“It happened at a time in Miami where it just so happened one of my good friends is one of the best players to ever play the game of basketball on the planet (James),” he said. “This is now. It's a different time. It's all about the picture that's presented to everyone here and what the goal and future is gonna look like. It's not just about, 'oh we have Dwyane'. Dwyane ain't gonna play that much longer, not forever.”

Wade had five 30-point games in 59 games this season, being on pace to play 71 before breaking bones in his right elbow in mid-March. His numbers weren’t too dissimilar from last year in Miami, with the exception of more 3-point attempts at the urging of the roster construction.

Repeating that type of performance in Year 15 is feasible, one would think, even if he’s closer to the finish line than starting blocks.

“If I could say anything, if there’s one word I could pull out it’s just different,” Wade said. “I expected it to be different. I only played in one organization my entire career, but the biggest thing is I came here and I was embraced. Not only by the city, by up top. I was embraced by the coaches, the players, and it was some good moments and some bad moments, just like every season. But I don’t regret my decision at all.”

Wade has at least a month or so before he believes he has to truly think about what he’ll do, and let management know that in exit interviews at the Advocate Center Saturday afternoon.

“We just talked face to face and touched bases,” Wade said. “We really left it at as we would touch base in a few weeks. No matter where I’m at in the world, we’ll fly and meet somewhere and talk about it.”

Somewhere, he’ll also have a conversation with the player he came to Chicago to pair with in Butler, as one can’t help but think their futures are inextricably tied. If Butler goes in some trade, one would think Wade wouldn’t be gung-ho about signing back on to play with Romper Room.

Being on a team where he’s not as depended on nightly for it to be successful could factor in, as he was the second-best player behind Butler. One wonders if he would be better served as the third-best option or even fourth—meaning he would likely be on a team contending for a championship if he were to fall on the pecking order.

“I have a great luxury. I don't need to ring chase, but I can,” Wade said. “It's a great luxury to have if I want to do. Or I can be a part of passing down my knowledge to younger players. It's either way. Whatever I decide, I'm going to embrace whatever role I have on a team. That's sometimes being the second option. Sometimes I'm going to be the first. And sometimes this season, I had to be the third or fourth.”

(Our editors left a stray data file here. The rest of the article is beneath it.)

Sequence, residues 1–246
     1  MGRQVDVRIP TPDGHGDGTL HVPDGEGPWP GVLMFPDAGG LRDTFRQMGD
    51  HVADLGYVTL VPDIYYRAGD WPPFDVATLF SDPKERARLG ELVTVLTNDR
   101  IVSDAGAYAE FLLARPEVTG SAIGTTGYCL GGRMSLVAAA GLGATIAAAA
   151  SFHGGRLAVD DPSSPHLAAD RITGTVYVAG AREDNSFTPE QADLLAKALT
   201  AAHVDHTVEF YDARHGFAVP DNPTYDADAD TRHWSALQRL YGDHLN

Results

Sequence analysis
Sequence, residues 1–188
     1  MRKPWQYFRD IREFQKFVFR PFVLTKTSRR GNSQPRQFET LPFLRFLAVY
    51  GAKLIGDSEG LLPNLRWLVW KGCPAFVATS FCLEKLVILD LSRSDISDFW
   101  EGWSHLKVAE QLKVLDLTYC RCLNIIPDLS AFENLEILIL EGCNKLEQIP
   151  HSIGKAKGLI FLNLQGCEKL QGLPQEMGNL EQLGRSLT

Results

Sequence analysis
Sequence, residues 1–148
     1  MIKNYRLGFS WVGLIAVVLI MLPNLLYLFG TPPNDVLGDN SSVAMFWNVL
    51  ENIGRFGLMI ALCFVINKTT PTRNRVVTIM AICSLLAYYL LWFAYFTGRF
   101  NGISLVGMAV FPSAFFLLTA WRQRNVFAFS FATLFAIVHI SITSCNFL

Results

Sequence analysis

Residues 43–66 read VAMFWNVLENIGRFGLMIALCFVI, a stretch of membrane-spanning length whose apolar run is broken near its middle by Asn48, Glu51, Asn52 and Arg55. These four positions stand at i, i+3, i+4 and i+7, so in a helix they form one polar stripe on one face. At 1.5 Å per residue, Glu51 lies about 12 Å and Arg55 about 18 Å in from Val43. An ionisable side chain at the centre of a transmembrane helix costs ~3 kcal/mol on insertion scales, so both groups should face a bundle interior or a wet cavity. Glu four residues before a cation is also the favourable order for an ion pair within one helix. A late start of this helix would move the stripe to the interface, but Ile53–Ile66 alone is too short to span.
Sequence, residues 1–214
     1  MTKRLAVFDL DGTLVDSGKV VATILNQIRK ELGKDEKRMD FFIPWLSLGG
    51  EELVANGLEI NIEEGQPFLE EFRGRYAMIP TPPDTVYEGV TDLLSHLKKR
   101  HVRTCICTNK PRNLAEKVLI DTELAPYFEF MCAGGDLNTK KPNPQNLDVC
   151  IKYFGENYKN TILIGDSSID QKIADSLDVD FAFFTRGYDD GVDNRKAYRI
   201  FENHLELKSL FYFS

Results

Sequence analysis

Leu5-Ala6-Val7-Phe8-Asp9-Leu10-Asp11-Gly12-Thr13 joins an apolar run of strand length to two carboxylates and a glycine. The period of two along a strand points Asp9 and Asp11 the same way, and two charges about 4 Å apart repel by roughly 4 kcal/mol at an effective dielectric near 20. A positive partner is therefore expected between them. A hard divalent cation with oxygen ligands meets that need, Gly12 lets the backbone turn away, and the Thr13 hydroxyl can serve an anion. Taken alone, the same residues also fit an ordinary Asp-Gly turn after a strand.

[MORE: BullsTalk Podcast - Top-seeded Celtics too much to handle for Bulls]

Considering he’ll be 36 next January with 14 years of NBA wear and tear on his body, that paycheck might not be enough to keep him around.

“Well, obviously it is a Dwyane Wade decision. Jimmy is, you know, a huge component in me being here. You know, what’s his future like? But at the end of the day it is a me decision,” Wade said. “But everyone knows that Jimmy’s my guy, and I’m here because of our conversation [last summer]. But a lot of it depends on the whole big picture. Not just one piece. Jimmy’s a big piece, but it’s a big picture as an organization. Just want to make sure we’re all on the same page.’’

But on the other side, he also arrived in Chicago due to perceived disrespect from a Miami Heat franchise that didn’t pay him what he deemed worthy. Opting out after one year of a big deal to face an unknown market is a risk considering the salary sacrifices he made with the Heat.

“I don’t really go with the signs, I’m not a predictable person, I don’t think,” Wade said. “I don’t know. It’s not a bad thing for me. I’m in a good situation. Whether there’s a lot of options or not, I’m in a very good situation. As a player, you can decide what you want to do. And I have a lot of money to decide if I want to take it or not. It’s not a bad thing, because I worked my butt of for it over my career, so no rush in my mind.”

That’s where the clarity comes in, as Wade indicated the front office said it wants a clear path moving forward. On a team that had so many young players thrust into prominent positions then shuffled out of them, one wonders if they’ll pick a few to grow with and then try to replace the rest with veteran reinforcements to maximize Butler’s prime and Wade’s time.